Wilkins, John, A discovery of a new world : or a discourse tending to prove, that 'tis probable there may be another Habitable World in the Moon ; with a discourse concerning the Probability of a Passage thither; unto which is added, a discourse concerning a New Planet, tending to prove, that 'tis probable our earth is one of the Planets

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[51. PROP. IV.]
[52. PROP. V.]
[53. PROP. VI.]
[54. PROP. VII. PROP. VIII. PROP. IX. PROP. X.]
[55. That the EARTH May be a PLANET. PROP. I.]
[56. PROP. II.]
[57. PROP. III.]
[58. PROP. IV.]
[59. PROP. V. That the Scripture, in its proper conſtru-ction, does not any where affirm the Immobility of the Earth.]
[60. PROP. VI. That there is not any Argument from the Words of Scripture, Principles of Na-ture, or Obſervations in Aſtronomy, which can ſuſſiciently evidence the Earth to be in the Gentre of the Uni-verſe.]
[61. PROP. VII. Tis probable that the Sun is in the Gentre of the World.]
[62. PROP. VIII. That there is not any ſufficient reaſon to prove the Earth incapable of thoſe mo-tions which Copernicus aſcribes un-to it.]
[63. Provebimur portu, terræque, verbeſq; recedunt.]
[64. PROP. IX. That it is more probable the Earth does move, than the Sun or Heavens.]
[65. PROP. X. That this Hypotheſis is exactly agreeable to common appearances.]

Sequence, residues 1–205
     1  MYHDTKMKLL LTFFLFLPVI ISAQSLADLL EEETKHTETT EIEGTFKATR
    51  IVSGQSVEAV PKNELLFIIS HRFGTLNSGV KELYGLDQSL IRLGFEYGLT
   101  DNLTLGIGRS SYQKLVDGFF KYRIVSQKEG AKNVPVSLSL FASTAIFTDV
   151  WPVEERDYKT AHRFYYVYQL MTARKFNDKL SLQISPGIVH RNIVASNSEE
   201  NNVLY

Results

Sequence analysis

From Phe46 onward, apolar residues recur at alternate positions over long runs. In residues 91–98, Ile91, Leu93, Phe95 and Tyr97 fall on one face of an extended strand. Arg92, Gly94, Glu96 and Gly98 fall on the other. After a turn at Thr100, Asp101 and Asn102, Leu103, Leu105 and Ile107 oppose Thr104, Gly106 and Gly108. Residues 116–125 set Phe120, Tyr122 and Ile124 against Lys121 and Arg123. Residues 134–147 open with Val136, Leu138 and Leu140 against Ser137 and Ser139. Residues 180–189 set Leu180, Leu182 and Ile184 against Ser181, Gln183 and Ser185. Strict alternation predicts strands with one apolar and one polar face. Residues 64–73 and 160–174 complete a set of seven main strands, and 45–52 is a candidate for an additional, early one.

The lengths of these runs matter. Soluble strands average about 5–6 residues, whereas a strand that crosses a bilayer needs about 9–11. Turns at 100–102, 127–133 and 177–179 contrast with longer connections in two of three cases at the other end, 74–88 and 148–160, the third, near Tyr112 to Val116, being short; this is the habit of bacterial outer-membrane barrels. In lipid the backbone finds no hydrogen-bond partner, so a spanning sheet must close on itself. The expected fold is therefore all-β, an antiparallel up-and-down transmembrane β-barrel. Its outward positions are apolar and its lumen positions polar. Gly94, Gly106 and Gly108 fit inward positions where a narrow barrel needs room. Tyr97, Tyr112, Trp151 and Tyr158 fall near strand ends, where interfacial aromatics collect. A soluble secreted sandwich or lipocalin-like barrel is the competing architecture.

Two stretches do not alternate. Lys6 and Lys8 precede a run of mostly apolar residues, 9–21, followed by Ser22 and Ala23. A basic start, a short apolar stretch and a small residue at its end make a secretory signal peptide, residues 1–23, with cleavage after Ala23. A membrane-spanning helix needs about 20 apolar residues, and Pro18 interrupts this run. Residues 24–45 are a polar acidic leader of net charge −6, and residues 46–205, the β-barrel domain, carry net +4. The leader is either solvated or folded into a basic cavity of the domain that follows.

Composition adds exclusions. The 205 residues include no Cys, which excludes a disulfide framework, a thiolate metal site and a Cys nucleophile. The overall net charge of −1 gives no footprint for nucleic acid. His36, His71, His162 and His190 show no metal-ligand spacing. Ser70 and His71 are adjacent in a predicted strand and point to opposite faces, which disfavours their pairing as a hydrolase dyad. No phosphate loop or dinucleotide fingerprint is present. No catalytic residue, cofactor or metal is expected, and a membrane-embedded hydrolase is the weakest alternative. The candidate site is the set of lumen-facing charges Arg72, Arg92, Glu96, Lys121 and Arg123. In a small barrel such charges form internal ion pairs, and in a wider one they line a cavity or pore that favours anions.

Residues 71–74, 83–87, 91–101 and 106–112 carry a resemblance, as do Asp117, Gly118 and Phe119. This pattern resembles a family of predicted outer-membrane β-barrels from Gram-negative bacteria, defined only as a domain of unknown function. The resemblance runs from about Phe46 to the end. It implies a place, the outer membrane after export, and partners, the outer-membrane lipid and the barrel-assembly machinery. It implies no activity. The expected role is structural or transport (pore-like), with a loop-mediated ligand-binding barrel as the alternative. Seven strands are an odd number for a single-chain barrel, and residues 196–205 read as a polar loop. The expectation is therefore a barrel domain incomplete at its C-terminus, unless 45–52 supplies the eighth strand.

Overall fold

[66. Quicunq; ſolam mente præcipiti petit]
[67. Brevem replere non valentis ambitum, # Pudebit aucti nominis.]
[68. FINIS.]
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That the Moon may be a World.
The Prieſt of Saturn relating to Plutarch
(as he feigns it) the nature of theſe Selenites,
told him, they were of divers diſpoſitions,
ſome deſiring to live in the lower parts of the
Moon, where they might look downwards
upon us, while others were more ſurely moun-
ted aloft, all of them ſhining like the Rays of
the Sun, and as being Victorious, are Crow-
ned with Garlands made with the Wings of
Euſtathia or Gonſtancie.
It hath been the Opinion amongſt ſome of
the Ancients, that their Heavens and Elyſian
Fields were in the Moon where the Air is moſt
quiet and pure.
Thus Socrates, thus Plato, with
Nat. Com.
l. 3. c. 19
his Followers, did eſteem this to be the place
where thoſe purer Souls inhabit, who are
freed from the Sepulcher, and Contagion of
the Body:
And by the Fable of Geres, con-
tinually wandring in ſearch of her Daughter
Proſerpina, is meant nothing elſe but the long-
ing deſire of Men, who live upon Geres Earth,
to attain a place in Proſerpina, the Moon Hea-
ven.
Plutarch alſo ſeems to aſſent unto this; but
he thinks moreover, that there are two places
of happineſs anſwerable to thoſe two parts
which he fancies to remain of a Man when he
is Dead, the Soul and the Underſtanding;
the
Soul he thinks is made of the Moon;
and as
our Bodies do ſo proceed from the Duſt of this
Earth, that they ſhall return to it hereafter;
ſo our Souls were generated out of that Pla-
net, and ſhall be reſolved into it again;
where-
as the underſtanding ſhall aſcend unto the Sun,
out of which it was made, where it ſhall poſ-

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